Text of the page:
ORLANDO — In their respective returns to the Bulls’ lineup in Monday night’s 102-84 victory over the Magic at the Amway Center, All-Star center Joakim Noah and top reserve Taj Gibson didn’t do anything exceptional, certainly not by their lofty standards.
Noah, who came back from an ongoing bout of plantar fasciitis in his right foot, went for six points and five rebounds off the bench in 14 foul-plagued minutes, while Gibson fared a little bit better, scoring 12 points, blocking two shots and showing decent mobility on his ailing left knee.
But more than their statistics, the big-man duo’s combined presence gave the Bulls a lift.
“I thought [Noah and Gibson were] okay. A little winded, a little rusty. Taj seemed to pick up a second wind, so it was good,” opined their harshest critic, Bulls head coach Tom Thibodeau. “I thought both guys were very active. It was just good to have some depth, to have some guys you can play up front.”
“The thing is we’ve been short-handed,” continued the coach, who acknowledged that “it’s a possibility” that the pair could be on a minutes limit entering the postseason, which begins next weekend. “Jo basically has missed a lot since the All-Star Break. We sort of managed because Nazr (Mohammed) stepped up and Taj was playing effectively, but then Taj going down forced us to play more small than we wanted to. That’s the real value of Taj and Jo, when teams go small you can stay big, and then you have a rebounding advantage. That’s their strength, their defensive ability. And Taj doesn’t get enough credit for how good he is defensively, but both guys were huge.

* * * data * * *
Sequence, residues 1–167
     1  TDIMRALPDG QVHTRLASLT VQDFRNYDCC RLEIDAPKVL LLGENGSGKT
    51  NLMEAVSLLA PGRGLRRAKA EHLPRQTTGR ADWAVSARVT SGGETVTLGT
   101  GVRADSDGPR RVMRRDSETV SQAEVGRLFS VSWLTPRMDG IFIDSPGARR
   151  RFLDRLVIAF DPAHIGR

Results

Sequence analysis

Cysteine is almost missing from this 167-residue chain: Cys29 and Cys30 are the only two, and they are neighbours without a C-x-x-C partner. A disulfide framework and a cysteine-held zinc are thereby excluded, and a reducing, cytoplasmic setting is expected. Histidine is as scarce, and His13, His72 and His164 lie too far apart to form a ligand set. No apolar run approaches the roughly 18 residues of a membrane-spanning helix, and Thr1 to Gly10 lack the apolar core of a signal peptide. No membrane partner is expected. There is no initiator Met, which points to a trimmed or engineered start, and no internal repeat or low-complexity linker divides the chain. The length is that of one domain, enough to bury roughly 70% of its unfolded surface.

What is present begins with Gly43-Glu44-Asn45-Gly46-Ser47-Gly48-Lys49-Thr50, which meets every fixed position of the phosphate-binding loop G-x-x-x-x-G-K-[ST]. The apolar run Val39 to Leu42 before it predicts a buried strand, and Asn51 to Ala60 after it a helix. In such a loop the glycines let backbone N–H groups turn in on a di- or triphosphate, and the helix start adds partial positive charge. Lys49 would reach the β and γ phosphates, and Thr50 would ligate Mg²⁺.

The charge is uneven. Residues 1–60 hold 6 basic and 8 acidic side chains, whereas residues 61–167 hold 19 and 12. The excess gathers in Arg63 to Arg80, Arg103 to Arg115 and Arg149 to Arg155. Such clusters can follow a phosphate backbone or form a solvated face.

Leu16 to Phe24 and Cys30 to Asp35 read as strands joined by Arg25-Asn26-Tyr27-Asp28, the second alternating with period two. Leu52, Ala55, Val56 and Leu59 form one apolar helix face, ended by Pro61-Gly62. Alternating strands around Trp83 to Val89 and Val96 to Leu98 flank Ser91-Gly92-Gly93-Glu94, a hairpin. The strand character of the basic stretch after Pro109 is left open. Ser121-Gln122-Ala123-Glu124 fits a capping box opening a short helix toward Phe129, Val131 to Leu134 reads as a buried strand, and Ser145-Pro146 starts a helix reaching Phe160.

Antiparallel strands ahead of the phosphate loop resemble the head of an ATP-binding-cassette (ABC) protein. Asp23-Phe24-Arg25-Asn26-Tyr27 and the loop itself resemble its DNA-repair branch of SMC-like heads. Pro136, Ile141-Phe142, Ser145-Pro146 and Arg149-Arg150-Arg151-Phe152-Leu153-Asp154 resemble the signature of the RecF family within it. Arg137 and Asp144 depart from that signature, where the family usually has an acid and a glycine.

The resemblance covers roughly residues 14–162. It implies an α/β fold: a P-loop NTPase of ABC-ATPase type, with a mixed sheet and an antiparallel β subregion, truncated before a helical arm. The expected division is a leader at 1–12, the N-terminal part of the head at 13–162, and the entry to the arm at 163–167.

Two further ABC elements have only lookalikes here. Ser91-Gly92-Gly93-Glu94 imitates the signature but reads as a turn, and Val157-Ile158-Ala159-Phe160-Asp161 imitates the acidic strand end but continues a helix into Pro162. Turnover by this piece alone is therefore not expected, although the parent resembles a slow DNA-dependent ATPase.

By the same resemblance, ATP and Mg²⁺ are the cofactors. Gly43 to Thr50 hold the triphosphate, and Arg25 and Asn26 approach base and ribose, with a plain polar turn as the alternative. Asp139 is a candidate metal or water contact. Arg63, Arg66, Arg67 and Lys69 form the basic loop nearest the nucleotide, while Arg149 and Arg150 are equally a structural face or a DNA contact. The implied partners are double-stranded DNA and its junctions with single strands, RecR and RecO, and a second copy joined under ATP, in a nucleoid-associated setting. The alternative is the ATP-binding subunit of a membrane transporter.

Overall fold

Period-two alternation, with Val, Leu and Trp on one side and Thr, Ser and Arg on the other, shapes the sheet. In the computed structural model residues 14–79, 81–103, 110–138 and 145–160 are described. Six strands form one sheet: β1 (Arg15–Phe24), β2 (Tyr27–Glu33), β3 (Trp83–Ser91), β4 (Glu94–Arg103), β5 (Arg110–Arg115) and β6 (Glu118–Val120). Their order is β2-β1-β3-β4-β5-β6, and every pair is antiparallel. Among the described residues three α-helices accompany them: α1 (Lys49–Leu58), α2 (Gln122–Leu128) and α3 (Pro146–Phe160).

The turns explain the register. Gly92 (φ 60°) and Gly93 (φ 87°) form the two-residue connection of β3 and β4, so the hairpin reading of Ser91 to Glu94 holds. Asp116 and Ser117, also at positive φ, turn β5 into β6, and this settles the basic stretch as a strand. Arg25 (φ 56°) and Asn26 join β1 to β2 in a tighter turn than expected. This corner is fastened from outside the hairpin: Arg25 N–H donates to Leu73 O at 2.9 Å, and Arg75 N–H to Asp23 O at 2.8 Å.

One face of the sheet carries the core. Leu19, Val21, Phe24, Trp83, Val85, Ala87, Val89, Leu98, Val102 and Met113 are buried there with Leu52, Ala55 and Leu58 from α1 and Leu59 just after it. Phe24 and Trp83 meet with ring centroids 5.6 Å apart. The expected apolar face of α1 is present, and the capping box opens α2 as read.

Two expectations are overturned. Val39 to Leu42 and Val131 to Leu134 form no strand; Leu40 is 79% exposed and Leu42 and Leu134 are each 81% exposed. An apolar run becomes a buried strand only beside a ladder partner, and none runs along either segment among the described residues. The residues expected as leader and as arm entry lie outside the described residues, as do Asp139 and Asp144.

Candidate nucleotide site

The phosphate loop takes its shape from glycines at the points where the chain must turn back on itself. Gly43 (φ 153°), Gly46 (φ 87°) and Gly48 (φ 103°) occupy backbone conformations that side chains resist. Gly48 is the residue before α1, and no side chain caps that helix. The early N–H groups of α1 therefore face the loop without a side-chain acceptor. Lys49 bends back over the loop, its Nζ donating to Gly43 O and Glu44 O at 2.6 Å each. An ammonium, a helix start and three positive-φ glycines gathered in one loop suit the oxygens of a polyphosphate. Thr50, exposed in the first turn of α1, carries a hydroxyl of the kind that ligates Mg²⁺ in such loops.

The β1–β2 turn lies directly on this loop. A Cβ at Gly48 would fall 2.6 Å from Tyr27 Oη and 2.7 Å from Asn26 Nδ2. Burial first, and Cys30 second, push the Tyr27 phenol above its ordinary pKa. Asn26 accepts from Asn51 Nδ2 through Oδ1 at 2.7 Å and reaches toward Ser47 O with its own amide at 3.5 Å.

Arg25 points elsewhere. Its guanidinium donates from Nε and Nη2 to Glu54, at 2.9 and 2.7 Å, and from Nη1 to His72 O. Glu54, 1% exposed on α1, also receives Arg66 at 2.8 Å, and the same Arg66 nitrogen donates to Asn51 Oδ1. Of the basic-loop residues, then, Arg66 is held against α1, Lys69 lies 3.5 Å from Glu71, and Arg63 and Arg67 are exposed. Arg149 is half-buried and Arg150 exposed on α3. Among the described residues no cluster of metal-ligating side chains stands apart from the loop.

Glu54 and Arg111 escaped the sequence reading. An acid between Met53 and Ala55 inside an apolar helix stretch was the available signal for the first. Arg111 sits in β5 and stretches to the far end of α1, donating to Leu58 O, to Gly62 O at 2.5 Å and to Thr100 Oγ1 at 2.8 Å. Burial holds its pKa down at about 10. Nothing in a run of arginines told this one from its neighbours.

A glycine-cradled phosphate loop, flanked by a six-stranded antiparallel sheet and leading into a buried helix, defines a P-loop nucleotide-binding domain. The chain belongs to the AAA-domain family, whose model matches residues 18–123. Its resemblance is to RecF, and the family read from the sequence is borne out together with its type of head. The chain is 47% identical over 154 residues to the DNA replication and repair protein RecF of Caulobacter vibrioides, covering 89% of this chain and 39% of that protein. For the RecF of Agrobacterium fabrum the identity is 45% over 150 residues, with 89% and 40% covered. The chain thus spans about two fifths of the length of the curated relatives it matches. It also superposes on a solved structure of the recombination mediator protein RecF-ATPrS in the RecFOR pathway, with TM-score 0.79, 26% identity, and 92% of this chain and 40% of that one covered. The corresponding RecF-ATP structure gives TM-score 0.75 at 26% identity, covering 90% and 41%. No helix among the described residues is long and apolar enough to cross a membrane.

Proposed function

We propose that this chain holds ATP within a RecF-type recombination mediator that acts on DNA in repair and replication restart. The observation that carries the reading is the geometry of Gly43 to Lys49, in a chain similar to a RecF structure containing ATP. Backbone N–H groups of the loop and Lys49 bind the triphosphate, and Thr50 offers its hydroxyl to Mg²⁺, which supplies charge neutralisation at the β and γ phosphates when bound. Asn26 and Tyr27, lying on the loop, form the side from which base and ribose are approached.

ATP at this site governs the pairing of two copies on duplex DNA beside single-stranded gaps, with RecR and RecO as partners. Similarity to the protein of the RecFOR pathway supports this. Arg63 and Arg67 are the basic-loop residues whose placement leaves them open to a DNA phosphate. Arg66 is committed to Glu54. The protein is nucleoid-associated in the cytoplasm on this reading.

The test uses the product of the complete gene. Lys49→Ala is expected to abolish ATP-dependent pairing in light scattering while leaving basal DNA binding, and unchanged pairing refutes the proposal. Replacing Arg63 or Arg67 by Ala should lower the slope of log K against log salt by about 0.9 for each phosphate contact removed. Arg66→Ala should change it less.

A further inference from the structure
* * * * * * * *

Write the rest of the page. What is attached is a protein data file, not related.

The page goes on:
“The thing that it did was it put people back into normal position. I thought Jimmy (Butler)was very effective at the four when we went small, and I think that when you’re more with your normal lineup, when you have two bigs and a normal rotation with your perimeter players, you’re going to be more fluid. When you’re constantly jumping around, moving guys in, moving guys out, this guy is playing, this guy is not playing, it’s going to be choppy.”